Kashmiri Roganjosh – Intrinsic part of the Wazhawan

Come summer vacations and tourists flock toward the cooler climes of the mountains. Kashmir is a favoured spot. Kashmiri cuisine is a rich tapestry of Indian, Iranian, Afghani and Central Asian styles of cooking. The intermingling of all these styles has embellished the Kashmiri kitchen superbly. Kashmiri cuisine has a trademark: that is dry ginger, fennel, red chillies, curds and mustard oil. Even though it is dominated by non-vegetarian fare, the vegetarian delicacies manage to carve a niche for themselves. Cottage cheese or ‘chaman’ as it is called, is also a popular accompaniment to many non-vegetarian and vegetarian dishes. For a simple preparation look up Tamatar Chaman. Puddings, snacks and curries are studded with an abundance of dry fruits like walnuts, dried dates and apricots. It is common to cook vegetables with meat and one good example is the Kokur Nadru.
Wazhawan (traditional Kashmiri cooking) is a unique concept in the world of Kashmiri cooking as it comprises mostly of non-vegetarian dishes that are rich and aromatic. The guests are segregated into group of four who share a large metal plate called trami. First in line is the ritual of washing hands in a basin held by attendants. As this tash-t-nari is taken away, a ceremonious entry by a retinue of attendants is made: bearing tramis heaped with fragrant rice, quartered with long seekh kababs and dotted with a variety of rich chicken preparations. Relishes like raitas and chutneys look pretty in small earthernware bowls. As each trami is consumed, a new one is brought in till the feast runs its course of thirty six presentations: sometimes even thirty of them being based on meat!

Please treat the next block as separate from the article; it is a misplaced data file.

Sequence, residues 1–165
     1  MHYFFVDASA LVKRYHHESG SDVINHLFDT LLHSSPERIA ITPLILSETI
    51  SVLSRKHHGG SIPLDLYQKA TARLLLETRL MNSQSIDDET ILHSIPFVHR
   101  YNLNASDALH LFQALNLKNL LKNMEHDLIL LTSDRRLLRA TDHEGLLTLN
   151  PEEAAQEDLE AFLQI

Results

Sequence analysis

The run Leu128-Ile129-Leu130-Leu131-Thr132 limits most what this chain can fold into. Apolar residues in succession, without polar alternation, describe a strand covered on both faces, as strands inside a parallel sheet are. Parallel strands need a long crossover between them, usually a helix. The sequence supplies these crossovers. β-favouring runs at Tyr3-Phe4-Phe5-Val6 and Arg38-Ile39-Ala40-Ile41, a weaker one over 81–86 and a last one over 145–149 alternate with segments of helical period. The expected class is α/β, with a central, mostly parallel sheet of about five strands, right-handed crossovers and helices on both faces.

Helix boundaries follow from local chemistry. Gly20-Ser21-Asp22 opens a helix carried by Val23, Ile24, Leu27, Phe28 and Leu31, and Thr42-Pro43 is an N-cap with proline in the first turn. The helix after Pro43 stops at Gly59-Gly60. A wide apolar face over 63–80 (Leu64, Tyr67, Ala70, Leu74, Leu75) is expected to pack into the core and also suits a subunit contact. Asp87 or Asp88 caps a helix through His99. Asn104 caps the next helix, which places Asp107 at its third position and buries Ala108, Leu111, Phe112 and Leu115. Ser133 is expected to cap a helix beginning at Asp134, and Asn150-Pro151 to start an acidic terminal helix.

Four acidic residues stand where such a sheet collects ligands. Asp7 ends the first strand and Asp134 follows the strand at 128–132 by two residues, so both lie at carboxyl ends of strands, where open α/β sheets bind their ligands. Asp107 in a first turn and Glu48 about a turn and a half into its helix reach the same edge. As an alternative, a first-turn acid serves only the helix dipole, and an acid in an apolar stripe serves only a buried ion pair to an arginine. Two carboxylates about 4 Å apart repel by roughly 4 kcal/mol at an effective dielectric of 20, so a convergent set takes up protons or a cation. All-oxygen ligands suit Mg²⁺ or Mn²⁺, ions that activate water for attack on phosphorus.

It is a revelation that a very high percentage of Kashmiris are meat eaters including the Brahmins or Kashmiri Pandits, who even though are meat eaters many of them refrain from eating garlic and onion. Other influences are that of the Muslim and Rajput styles of cooking. A fantastic taste of Kashmir’s rich cuisine exists in Rogan Josh. Traditional Kashmiri Rogan Josh has thin gravy and a thick layer of oil on top. This dish is best enjoyed with steaming hot boiled rice. Quality of meat plays an important role in this dish. Select meat with a lot of fat.

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